Similar objections have cropped up in West Texas from protesters of Energy Transfer’s Trans-Pecos gas line, and in Arkansas and Tennessee over the Diamond Pipeline operated by Plains All American Pipeline.
Activists in Pennsylvania have been fighting a Williams Companies pipeline plan for three years. The company is looking to add 185 miles of new pipeline to its Atlantic Sunrise line, connecting the northeastern Marcellus natural gas shale region with the southeast part of the state. Opponents have argued the expansion could cause an explosion or taint the local water that supplies farms.
They’re borrowing tactics from Standing Rock tribe’s standoff. Malinda Clatterbuck, 46, of Lancaster, Pennsylvania, who leads the group Lancaster Against Pipelines, said residents are setting up a camp in Conestoga, where a right-of-way has been granted, and plans to live on and off at the camp with her family.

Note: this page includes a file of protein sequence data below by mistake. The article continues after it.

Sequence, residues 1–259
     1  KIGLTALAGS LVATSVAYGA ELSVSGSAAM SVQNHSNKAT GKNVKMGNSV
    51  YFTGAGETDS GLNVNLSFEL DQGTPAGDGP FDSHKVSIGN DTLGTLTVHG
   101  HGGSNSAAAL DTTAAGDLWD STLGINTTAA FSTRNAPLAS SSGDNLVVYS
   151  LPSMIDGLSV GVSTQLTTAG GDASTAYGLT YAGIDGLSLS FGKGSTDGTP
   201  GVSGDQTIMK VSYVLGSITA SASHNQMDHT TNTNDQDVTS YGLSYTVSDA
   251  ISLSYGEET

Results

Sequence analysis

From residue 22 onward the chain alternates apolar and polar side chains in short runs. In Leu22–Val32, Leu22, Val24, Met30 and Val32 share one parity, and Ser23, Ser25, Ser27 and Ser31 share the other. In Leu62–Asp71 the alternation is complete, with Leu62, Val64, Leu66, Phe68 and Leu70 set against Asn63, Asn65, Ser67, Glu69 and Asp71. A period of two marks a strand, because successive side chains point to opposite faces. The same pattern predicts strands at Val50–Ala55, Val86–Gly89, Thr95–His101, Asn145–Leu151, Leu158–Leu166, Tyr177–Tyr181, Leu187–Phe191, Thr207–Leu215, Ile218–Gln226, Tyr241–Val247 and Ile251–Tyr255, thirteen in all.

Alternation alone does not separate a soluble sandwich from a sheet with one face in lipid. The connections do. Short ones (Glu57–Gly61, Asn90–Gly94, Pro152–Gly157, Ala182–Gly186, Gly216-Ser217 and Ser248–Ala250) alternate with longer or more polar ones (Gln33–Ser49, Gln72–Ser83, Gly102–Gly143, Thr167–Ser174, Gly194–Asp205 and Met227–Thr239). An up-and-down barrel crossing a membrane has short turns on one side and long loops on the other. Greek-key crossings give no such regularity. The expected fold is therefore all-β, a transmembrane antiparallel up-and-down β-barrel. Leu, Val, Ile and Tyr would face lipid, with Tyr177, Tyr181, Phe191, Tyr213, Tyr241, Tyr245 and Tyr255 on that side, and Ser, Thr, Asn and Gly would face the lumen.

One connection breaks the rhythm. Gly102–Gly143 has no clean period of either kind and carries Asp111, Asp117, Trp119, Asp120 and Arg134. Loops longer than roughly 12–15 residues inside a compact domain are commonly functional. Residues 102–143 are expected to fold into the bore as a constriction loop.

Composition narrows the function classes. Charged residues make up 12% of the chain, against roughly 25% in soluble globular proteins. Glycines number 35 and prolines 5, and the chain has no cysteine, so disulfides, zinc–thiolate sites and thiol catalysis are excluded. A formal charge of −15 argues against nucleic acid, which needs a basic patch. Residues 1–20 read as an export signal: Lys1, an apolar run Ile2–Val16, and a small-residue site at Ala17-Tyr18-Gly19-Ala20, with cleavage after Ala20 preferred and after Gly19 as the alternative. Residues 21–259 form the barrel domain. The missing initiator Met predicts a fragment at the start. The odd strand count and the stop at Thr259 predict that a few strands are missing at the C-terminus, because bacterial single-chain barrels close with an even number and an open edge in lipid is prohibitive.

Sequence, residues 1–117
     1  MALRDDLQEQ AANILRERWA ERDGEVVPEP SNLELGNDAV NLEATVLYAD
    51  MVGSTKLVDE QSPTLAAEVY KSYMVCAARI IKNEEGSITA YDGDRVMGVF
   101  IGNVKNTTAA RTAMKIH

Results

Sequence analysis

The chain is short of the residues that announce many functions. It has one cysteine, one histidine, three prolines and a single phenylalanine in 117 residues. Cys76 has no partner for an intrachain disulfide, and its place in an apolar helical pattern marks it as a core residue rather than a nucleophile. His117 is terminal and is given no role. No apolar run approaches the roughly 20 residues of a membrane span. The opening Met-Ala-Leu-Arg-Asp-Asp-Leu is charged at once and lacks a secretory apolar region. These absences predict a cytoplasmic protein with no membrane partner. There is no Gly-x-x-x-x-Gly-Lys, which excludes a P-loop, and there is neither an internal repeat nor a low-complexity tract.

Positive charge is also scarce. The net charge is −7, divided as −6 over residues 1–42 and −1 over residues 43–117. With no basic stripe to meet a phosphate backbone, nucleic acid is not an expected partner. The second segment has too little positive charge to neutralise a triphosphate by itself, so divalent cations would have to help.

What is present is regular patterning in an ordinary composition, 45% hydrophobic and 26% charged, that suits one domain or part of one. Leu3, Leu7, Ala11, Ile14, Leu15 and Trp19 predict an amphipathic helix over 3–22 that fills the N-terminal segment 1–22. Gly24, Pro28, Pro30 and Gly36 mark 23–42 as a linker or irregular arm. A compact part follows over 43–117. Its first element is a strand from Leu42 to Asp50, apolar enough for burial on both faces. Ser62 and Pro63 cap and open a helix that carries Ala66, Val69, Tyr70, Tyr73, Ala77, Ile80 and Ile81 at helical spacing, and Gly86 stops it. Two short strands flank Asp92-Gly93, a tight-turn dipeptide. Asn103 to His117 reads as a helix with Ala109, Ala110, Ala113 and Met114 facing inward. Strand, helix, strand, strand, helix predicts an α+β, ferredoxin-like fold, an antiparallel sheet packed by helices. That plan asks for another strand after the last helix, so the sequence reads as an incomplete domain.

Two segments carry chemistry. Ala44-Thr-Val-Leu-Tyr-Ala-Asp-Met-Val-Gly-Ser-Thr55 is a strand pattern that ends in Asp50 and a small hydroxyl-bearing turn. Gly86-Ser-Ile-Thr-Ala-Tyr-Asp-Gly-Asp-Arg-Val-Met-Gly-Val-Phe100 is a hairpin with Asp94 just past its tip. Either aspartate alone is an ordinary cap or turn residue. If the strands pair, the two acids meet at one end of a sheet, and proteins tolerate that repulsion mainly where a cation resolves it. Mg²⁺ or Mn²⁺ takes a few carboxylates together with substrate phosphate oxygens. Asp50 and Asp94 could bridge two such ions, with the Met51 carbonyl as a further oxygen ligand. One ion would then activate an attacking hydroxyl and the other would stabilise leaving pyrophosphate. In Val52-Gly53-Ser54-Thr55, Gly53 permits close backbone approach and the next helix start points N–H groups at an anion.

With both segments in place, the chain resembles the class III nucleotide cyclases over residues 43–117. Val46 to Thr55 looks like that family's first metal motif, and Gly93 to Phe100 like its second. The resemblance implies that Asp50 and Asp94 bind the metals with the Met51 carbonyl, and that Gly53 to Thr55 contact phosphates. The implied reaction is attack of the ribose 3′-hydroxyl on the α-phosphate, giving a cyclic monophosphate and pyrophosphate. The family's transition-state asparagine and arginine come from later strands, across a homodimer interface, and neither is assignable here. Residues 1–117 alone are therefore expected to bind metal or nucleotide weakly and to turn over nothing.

“I’m exhausted and angry about this,” she said. “Why do we have to upend our lives just to try to get justice for our community?”
Williams said it has operated 60 miles of pipeline safely in Lancaster County and that the company plans to exceed federal safety standards for the extension.
“We’ve also heard from thousands of people who support the project - individuals, chambers and business groups - who recognize the economic benefit,” the company said in a statement.
In Louisiana - home to massive oil refineries and about 50,000 miles of pipelines - ETP’s planned Bayou Bridge extension would run across southern Louisiana for about 160 miles, between Lake Charles and St. James.
The state has a mutually beneficial but testy relationship with the oil industry, which is widely blamed for cutting through wetlands and contributing to coastal erosion that has left Louisiana more vulnerable to hurricanes and flooding.